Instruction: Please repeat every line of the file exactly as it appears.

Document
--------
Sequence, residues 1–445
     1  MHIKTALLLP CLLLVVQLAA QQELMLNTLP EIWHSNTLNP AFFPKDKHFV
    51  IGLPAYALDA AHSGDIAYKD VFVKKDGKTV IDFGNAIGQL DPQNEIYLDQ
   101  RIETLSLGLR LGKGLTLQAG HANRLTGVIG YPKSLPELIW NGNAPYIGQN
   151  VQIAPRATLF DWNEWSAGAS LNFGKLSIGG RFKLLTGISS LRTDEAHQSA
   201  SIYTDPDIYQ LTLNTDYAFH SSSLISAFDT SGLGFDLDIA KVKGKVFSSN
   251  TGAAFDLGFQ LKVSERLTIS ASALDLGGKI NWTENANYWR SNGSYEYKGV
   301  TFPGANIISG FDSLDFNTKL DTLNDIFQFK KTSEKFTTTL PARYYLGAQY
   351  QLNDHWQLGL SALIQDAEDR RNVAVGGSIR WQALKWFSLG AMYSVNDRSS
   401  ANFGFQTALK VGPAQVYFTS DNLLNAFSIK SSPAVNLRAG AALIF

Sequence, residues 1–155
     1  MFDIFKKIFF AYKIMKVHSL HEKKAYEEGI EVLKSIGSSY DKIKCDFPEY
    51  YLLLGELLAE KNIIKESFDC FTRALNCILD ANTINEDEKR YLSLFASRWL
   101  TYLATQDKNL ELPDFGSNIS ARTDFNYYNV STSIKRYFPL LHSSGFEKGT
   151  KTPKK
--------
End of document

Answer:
Sequence, residues 1–445
     1  MHIKTALLLP CLLLVVQLAA QQELMLNTLP EIWHSNTLNP AFFPKDKHFV
    51  IGLPAYALDA AHSGDIAYKD VFVKKDGKTV IDFGNAIGQL DPQNEIYLDQ
   101  RIETLSLGLR LGKGLTLQAG HANRLTGVIG YPKSLPELIW NGNAPYIGQN
   151  VQIAPRATLF DWNEWSAGAS LNFGKLSIGG RFKLLTGISS LRTDEAHQSA
   201  SIYTDPDIYQ LTLNTDYAFH SSSLISAFDT SGLGFDLDIA KVKGKVFSSN
   251  TGAAFDLGFQ LKVSERLTIS ASALDLGGKI NWTENANYWR SNGSYEYKGV
   301  TFPGANIISG FDSLDFNTKL DTLNDIFQFK KTSEKFTTTL PARYYLGAQY
   351  QLNDHWQLGL SALIQDAEDR RNVAVGGSIR WQALKWFSLG AMYSVNDRSS
   401  ANFGFQTALK VGPAQVYFTS DNLLNAFSIK SSPAVNLRAG AALIF

Sequence, residues 1–155
     1  MFDIFKKIFF AYKIMKVHSL HEKKAYEEGI EVLKSIGSSY DKIKCDFPEY
    51  YLLLGELLAE KNIIKESFDC FTRALNCILD ANTINEDEKR YLSLFASRWL
   101  TYLATQDKNL ELPDFGSNIS ARTDFNYYNV STSIKRYFPL LHSSGFEKGT
   151  KTPKK